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Sunday, May 31, 2015

The Irony of Green Hills

From a recent article in The Tennessean, entitled Green Hills Project Ramps Up Traffic Woes, the author begins by saying:

'When Joy Richards needed to buy something from the Mall at Green Hills a week ago, the retired counselor left home at 9:35 a.m. to ensure she would find a parking space and get in and out before traffic worsened….'

LINK to article:

I want to point out the stinging irony of this article - The very 1st sentence details Ms. Richards, a resident of The Apartments for Retired Teachers needing to drive to The Green Hills Mall. Now, if you are not familiar with these two locations, you may not recognized that Ms. Richards home is directly kitty-corner from the mall.
It is literally across the street!!!  

To be fair, we never learn why Ms. Richards does not walk across the street to make her purchase.  She may have a physical issue that makes walking hard highlighting the lack of ADA compliance in the area.  If I can speculate,  I would say she felt unsafe to walk.  There is no sidewalk on the corner where the mall starts for which I can find no excuse.  The mall must be a huge trip generator and yet does not have adequate walking infrastructure in place.

In Nashville, we have literally designed away every mode of transportation except driving in the Green Hills area with its too-many-to-count ingress/egresses per block, super block design, dilapidated / missing walking infrastructure, lack of pedestrian awareness, and too many drivers trying to cut through from the Williamson Co. suburbs at high speeds.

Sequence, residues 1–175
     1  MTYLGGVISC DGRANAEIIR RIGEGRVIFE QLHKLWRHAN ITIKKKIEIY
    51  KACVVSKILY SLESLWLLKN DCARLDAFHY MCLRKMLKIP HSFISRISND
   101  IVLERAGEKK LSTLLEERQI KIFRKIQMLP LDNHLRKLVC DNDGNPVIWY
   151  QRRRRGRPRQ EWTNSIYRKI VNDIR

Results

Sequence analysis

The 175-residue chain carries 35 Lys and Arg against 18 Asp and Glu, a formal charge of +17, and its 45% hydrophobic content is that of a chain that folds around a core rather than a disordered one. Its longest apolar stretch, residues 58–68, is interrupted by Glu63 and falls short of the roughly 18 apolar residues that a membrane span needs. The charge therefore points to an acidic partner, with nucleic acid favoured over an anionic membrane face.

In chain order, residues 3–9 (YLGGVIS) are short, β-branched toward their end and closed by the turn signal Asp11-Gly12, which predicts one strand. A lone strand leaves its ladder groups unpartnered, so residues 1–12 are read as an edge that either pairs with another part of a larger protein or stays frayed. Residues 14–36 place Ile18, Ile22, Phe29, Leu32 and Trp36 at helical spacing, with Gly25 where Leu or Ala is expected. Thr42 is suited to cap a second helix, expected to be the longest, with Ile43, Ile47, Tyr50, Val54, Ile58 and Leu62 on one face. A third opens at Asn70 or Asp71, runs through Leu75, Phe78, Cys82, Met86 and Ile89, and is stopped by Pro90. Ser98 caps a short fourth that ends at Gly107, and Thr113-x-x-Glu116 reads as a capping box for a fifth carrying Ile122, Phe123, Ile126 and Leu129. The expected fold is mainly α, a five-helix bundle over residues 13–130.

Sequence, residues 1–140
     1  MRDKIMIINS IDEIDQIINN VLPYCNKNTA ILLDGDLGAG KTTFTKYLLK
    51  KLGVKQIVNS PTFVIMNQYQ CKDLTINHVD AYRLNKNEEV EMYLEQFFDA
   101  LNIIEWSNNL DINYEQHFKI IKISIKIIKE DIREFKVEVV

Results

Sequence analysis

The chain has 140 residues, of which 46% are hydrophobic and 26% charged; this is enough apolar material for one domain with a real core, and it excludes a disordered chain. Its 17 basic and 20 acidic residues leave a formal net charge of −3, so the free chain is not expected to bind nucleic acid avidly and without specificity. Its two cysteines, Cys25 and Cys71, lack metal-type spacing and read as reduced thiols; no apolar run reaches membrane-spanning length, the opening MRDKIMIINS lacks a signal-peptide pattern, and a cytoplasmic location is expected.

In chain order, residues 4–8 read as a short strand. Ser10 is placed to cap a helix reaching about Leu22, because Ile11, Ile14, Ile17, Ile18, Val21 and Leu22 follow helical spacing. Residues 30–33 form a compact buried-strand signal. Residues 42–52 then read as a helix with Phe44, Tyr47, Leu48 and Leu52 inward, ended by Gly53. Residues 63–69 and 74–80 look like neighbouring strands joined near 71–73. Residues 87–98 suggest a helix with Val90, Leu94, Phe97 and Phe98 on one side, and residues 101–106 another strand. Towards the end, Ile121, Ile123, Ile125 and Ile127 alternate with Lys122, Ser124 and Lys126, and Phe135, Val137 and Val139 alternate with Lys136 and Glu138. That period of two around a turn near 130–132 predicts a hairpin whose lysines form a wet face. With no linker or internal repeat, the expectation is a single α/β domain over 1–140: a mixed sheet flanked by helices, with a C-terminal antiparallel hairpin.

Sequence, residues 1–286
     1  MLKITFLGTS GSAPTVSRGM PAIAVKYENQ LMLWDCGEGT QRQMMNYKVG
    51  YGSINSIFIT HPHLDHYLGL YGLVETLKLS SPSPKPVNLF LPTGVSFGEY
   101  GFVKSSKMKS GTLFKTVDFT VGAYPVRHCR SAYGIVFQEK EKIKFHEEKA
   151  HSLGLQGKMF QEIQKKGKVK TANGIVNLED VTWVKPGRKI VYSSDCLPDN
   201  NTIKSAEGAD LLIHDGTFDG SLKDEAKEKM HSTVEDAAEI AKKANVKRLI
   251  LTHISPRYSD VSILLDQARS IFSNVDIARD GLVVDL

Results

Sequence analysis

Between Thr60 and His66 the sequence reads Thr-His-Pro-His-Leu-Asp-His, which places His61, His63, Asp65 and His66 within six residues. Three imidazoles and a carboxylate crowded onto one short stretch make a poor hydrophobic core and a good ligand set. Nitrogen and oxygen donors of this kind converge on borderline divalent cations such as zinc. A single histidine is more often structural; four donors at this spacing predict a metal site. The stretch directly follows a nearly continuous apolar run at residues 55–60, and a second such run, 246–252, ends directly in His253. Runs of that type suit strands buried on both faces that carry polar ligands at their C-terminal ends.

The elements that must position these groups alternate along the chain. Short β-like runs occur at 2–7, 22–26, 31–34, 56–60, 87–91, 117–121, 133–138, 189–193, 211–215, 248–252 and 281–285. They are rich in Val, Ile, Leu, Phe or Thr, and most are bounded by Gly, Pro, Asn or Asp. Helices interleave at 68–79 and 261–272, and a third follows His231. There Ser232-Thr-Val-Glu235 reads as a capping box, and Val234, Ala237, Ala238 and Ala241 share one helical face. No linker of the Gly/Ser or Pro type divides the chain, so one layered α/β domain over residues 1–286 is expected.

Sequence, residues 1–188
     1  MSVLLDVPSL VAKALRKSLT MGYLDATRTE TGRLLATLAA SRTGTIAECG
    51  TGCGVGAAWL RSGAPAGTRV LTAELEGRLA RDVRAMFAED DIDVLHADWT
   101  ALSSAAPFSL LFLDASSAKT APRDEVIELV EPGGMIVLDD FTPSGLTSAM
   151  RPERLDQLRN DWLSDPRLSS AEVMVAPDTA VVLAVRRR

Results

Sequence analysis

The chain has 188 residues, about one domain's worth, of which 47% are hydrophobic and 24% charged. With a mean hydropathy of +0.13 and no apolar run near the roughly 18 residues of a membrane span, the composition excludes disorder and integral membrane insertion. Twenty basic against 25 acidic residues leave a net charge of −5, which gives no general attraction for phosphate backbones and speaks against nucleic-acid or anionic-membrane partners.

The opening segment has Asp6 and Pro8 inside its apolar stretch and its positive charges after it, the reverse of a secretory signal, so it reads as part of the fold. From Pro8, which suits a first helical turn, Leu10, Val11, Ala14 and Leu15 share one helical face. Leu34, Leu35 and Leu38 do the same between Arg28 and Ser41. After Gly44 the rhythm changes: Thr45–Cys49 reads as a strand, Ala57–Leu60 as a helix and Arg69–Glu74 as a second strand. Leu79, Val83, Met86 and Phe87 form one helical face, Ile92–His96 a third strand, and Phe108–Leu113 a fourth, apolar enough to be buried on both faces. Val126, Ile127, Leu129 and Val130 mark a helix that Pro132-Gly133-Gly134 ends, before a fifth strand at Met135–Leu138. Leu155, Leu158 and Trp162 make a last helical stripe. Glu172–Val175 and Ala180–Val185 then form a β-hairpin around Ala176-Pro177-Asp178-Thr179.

Rather than being so concerned about adding citizens to the area, why not hold the city & the developers accountable for building the infrastructure to support them?

What I fear is that our attention is being diverted and our energies are being wasted on complaining about more residents.  This is going to happen regardless.  We need to refocus the lens on to how to make the situation best for all.   People are not going to want to walk if they feel unsafe.  The plan currently has pedestrians crossing 6 lanes of traffic on Hillsboro with no pedestrian island in the middle.  This is the equivalent of crossing a highway and it doesn't feel good.  (I encourage you to try it!).  Lastly, there should be no right turn on red (onto Richard Jones as a driver is heading north) to prevent turning into pedestrians trying to cross.  

Richard Jones Rd. also needs some attention.  This road is HUGE (5 lanes) - but only a few blocks long ending in a cross street that does not line up.  It is weird little road but if done right could become its own urban center kind of like Hillsboro Village.  It has a number of businesses and a number of homes/apartments.  It is the perfect street to have pedestrian rest running down its center.  I would also strongly encourage a loss of the radius turn and making it so there is no right turns on red to prevent drivers turning into people crossing in the cross walk.  This road should not be a high speed cut through but rather the beginning of a mixed use neighborhood like the 12th So area.  


Shade Parade is for well designed sidewalks / walkability in all of Nashville. Instead of making the core of the discussion about traffic and parking spots - let's refocus and create walkable neighborhoods so that we can get around on foot.


The big picutre here is to consider putting in pedestrian rests down Richard Jones and in Green Hills on Hillsboro so people do not have to cross a riduculous amount of lanes to cross the street.

Saturday, May 30, 2015


One goal of Shade Parade is to create a forum for discussion around walkability in Nashville. 

In so doing, I have spent a lot of time and effort educating myself on sidewalks and have viewed the subject from a variety of angles (please refer to this blog, start date 11/2013, with hundreds of posts)

Right now, I am highly focused on what it takes to get a sidewalk on a major connector street (Bowling Av) that already has a portion of its sidewalk completed.  Just trying to finish an already started job.  A very good neighbor & I have written letters to each property owner on Bowling, held a public meeting, met with councilmembers, talked to neighbors, polled our whole neighborhood, discussed it with the mayor.  We have been at it for over 1.5 years.